A preliminary finding by investigators looking into the accident May 5 when a Jersey City fire engine struck a Hudson Bergen Light Rail train, injuring 15 people, suggests the fire truck may have missed or ignored a signal indicating the train was coming.
The accident, which took place near the Sixth Street crossing just south of the Newport station at about 7:15 p.m., hurt 10 passengers, the conductor and four firefighters, but none seriously.
Jersey City, State Police, and NJ Transit officials said the fire truck, on an emergency call, hit the side of the train, caused the train to derail, and brought down some of the system’s overhead power lines.
Service between the Marin Boulevard and Newport stations was suspended both ways for approximately five hours, said NJ Transit spokeswoman Lisa Torbic. NJ Transit Police is the lead agency investigating the accident.
The Sixth Street crossing is one of the main conduits between Marin Boulevard and Washington Street, connecting downtown and Hamilton Park to the Newport section of the city. It is located just south of Newport Mall has a significant traffic, especially during rush hour when train traffic is also heavy. This area is serviced by a fire house located on Marin Boulevard, and would be the main thoroughfare to Newport in case of an emergency.
“Flashing lights should definitely be considered.” – Ward E Council member Candice Osborne.
Sixth Street is one of two streets that have access to otherwise relatively remote Washington Boulevard, and so emergency vehicles use it rather than traveling many additional blocks north to 11th Street to get around Newport Centre Mall or south to the Harborside area.
This is the second accident to take place in that area this year, and raises the question whether the warning systems are adequate to prevent possible accidents.
HBLR crossings are lightly controlled
There are a number of these crossings throughout Jersey City. In many cases, there is only a traffic light to indicate a train is coming. Old fashioned train crossings have gates and a lot of other flashing lights.
Local officials say they may be considering stronger warning systems, especially when it comes to public safety vehicles that may be responding to emergencies.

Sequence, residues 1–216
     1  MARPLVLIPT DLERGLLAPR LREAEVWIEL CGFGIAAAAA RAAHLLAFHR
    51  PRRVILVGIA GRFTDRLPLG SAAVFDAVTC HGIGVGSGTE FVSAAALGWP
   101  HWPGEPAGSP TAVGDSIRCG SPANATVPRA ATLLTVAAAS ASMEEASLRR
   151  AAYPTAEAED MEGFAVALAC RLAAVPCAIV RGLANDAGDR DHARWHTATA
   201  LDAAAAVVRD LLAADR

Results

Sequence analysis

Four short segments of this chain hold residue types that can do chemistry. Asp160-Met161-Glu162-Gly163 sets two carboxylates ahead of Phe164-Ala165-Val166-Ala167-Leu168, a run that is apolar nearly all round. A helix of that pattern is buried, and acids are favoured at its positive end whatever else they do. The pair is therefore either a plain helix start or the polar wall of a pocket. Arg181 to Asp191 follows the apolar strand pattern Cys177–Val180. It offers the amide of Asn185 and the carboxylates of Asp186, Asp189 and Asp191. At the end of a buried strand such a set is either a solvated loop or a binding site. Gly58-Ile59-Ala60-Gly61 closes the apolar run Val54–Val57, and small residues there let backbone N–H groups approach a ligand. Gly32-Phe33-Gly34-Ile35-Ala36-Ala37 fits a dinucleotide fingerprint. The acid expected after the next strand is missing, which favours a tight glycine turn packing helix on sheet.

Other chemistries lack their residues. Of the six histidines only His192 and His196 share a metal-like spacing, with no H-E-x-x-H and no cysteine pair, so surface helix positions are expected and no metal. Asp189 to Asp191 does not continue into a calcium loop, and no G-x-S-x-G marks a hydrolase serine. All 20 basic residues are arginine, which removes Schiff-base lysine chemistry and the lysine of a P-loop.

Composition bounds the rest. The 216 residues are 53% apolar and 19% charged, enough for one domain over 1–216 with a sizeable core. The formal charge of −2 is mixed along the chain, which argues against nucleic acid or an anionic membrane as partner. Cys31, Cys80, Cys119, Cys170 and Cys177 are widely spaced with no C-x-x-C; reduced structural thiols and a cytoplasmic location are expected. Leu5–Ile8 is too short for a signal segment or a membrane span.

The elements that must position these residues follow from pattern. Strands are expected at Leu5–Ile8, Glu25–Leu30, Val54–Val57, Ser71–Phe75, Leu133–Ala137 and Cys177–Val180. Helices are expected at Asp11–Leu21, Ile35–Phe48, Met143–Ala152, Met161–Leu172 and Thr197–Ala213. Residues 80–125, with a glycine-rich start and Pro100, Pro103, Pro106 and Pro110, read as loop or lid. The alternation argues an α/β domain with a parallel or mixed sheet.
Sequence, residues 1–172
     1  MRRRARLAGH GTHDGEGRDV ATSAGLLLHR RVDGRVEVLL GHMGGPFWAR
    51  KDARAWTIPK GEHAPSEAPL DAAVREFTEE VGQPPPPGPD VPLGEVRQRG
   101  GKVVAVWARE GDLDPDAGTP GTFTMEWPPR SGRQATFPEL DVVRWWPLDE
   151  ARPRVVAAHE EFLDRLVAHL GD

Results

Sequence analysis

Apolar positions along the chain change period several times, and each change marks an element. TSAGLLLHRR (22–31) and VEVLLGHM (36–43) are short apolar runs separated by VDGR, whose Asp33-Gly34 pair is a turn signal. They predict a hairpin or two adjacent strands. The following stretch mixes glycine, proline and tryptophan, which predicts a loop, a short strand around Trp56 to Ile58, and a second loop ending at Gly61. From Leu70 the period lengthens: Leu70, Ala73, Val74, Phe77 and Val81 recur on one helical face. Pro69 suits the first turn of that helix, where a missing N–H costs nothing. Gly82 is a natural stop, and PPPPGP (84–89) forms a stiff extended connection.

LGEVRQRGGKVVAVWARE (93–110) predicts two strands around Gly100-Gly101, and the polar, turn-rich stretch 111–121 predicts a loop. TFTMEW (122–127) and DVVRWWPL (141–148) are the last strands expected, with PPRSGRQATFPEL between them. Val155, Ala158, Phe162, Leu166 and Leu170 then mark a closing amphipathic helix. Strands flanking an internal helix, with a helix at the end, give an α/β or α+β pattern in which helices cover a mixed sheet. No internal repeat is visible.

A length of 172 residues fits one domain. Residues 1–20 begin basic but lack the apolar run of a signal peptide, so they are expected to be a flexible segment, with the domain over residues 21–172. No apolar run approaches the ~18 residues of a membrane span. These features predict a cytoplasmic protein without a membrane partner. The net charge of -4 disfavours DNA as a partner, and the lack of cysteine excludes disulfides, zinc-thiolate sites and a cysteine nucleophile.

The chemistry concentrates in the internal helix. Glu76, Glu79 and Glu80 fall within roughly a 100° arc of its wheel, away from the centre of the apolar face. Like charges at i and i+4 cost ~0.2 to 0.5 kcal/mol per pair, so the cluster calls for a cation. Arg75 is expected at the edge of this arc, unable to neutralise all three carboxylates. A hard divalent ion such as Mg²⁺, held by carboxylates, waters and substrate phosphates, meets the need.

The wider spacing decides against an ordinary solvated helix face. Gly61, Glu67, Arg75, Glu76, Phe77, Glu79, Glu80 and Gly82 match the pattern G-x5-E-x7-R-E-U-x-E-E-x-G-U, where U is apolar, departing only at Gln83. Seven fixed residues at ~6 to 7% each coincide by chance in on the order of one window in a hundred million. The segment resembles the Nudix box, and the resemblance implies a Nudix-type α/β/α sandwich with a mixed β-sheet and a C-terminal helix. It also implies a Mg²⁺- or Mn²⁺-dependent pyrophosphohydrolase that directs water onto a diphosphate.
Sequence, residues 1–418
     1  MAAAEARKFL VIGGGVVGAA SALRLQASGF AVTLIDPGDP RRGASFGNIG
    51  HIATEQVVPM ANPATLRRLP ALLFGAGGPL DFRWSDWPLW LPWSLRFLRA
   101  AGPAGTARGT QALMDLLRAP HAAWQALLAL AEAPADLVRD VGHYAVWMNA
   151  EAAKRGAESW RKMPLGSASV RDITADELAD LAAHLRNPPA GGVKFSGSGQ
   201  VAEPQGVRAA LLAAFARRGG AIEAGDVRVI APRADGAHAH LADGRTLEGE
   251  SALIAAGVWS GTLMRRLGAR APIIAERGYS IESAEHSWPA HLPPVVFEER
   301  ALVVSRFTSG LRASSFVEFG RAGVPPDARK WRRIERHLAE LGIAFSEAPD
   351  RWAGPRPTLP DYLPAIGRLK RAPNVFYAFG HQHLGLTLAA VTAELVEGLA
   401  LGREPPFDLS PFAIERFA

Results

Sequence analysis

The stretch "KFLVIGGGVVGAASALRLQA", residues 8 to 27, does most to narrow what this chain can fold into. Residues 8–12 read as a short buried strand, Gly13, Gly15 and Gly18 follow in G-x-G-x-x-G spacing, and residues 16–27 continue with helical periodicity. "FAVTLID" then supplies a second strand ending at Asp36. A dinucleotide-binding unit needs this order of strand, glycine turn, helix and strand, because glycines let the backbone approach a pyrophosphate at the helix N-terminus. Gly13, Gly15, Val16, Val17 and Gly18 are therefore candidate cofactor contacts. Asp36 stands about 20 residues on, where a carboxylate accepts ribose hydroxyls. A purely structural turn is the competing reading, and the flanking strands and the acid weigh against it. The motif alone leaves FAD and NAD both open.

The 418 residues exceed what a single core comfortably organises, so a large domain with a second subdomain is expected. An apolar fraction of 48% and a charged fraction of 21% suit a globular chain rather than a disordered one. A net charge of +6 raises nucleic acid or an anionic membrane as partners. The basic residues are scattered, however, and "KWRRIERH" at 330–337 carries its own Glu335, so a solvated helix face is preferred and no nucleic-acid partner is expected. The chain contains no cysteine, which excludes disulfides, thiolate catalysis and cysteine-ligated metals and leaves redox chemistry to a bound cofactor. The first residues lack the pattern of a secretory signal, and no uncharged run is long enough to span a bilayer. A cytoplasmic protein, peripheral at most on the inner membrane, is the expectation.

“Flashing lights should definitely be considered,” said Ward E Council member Candice Osborne, who represents the part of the city where both accidents occurred, and which has the most ground level street crossings, extending from Newport to Jersey Avenue.
The accident earlier this year between a sports utility vehicle and a north bound light rail train was attributed to a road covered with ice. But the potential for traffic and pedestrian accidents is significant. In Jersey City, the rail line crosses a number of busy streets, and weaves through streets near the waterfront. Bicycle riding events and walking or running events often cross the tracks in this area of the city.
On May 6, about 12 hours after the accident, a 10k race was being run along those streets, requiring trains to slow or stop frequently.
“Often times these roads are shared with cars and the train,” Osborne said. “So if a fire department driver saw a red light but was in an emergency, there is nothing to indicate that it is a train versus a car coming. Giving that extra bit of information would probably be very helpful to our firefighters.”
Councilwoman At-Large Joyce Watterman said she will discuss the issue with Jersey City public safety officials to seek a remedy. The City Council will likely take up the issue at its regularly scheduled caucus later this month.
“They are looking into putting more warnings signals and additional training,” Watterman said. “The matter is still under investigation.”
Al Sullivan may be reached at firstname.lastname@example.org.